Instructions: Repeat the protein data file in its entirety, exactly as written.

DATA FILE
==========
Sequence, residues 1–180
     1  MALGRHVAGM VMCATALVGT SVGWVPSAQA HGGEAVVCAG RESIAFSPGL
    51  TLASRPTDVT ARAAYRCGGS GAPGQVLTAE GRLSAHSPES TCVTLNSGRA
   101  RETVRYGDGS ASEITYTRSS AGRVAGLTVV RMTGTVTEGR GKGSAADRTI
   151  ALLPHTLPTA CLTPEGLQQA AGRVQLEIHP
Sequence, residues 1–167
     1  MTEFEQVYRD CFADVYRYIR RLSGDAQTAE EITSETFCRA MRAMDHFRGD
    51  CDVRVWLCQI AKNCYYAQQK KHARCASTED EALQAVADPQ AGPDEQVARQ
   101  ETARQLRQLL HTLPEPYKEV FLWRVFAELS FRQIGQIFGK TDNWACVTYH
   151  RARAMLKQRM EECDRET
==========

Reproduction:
Sequence, residues 1–180
     1  MALGRHVAGM VMCATALVGT SVGWVPSAQA HGGEAVVCAG RESIAFSPGL
    51  TLASRPTDVT ARAAYRCGGS GAPGQVLTAE GRLSAHSPES TCVTLNSGRA
   101  RETVRYGDGS ASEITYTRSS AGRVAGLTVV RMTGTVTEGR GKGSAADRTI
   151  ALLPHTLPTA CLTPEGLQQA AGRVQLEIHP
Sequence, residues 1–167
     1  MTEFEQVYRD CFADVYRYIR RLSGDAQTAE EITSETFCRA MRAMDHFRGD
    51  CDVRVWLCQI AKNCYYAQQK KHARCASTED EALQAVADPQ AGPDEQVARQ
   101  ETARQLRQLL HTLPEPYKEV FLWRVFAELS FRQIGQIFGK TDNWACVTYH
   151  RARAMLKQRM EECDRET